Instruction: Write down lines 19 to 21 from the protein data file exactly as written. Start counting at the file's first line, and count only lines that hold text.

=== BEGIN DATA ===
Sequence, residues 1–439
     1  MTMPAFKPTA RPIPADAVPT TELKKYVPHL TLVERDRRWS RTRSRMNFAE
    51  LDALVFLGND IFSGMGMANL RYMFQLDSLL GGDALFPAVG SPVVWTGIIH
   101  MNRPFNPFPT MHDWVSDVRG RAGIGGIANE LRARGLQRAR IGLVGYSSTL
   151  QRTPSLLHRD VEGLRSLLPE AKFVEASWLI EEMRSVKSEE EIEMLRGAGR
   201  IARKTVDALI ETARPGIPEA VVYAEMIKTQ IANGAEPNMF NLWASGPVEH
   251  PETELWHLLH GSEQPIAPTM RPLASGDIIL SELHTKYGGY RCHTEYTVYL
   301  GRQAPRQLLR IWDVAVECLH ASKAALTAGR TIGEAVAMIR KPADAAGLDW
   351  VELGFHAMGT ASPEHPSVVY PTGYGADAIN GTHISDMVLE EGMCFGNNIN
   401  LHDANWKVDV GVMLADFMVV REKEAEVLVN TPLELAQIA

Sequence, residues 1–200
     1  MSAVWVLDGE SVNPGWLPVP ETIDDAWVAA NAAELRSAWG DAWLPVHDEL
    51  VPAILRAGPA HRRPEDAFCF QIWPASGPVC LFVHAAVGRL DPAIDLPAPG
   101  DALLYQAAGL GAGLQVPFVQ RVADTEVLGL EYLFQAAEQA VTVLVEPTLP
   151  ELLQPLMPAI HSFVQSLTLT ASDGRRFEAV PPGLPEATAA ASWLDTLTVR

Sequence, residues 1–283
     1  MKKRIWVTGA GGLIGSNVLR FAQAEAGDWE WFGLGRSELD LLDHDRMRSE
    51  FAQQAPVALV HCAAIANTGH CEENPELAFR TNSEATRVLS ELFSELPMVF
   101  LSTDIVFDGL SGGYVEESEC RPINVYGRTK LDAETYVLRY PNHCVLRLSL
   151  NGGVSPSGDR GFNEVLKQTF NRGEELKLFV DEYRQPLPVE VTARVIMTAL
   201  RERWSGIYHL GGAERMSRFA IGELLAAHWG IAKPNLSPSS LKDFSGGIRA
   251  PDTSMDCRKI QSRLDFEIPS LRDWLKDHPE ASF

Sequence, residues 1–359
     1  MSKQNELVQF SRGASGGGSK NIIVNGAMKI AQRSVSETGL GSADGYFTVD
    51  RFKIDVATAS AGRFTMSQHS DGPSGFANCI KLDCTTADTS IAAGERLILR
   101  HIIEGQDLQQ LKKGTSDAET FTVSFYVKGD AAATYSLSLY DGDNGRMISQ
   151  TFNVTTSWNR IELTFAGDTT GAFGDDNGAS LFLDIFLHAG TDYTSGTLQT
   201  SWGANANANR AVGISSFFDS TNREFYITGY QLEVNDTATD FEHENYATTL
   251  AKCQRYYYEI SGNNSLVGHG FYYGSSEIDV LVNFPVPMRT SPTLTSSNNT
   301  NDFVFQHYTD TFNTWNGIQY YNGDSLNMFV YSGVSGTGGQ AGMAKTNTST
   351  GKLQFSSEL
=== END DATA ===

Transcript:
   101  LSTDIVFDGL SGGYVEESEC RPINVYGRTK LDAETYVLRY PNHCVLRLSL
   151  NGGVSPSGDR GFNEVLKQTF NRGEELKLFV DEYRQPLPVE VTARVIMTAL
   201  RERWSGIYHL GGAERMSRFA IGELLAAHWG IAKPNLSPSS LKDFSGGIRA